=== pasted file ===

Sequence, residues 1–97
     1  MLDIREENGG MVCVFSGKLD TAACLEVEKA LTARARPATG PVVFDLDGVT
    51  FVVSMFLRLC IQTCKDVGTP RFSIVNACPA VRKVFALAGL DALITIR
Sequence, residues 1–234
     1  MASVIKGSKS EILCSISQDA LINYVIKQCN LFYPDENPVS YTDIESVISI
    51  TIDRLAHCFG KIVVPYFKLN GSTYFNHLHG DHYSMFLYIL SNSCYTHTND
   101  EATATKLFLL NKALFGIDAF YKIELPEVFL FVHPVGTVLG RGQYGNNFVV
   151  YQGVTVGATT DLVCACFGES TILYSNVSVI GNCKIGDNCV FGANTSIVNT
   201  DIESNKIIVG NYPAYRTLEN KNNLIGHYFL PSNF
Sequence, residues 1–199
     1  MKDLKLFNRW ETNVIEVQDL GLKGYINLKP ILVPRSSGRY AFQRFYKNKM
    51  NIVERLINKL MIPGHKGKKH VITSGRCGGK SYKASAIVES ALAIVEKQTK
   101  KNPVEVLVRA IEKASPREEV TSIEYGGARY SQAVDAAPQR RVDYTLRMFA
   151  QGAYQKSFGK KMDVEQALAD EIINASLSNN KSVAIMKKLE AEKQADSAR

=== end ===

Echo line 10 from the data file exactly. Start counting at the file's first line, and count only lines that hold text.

Sequence, residues 1–199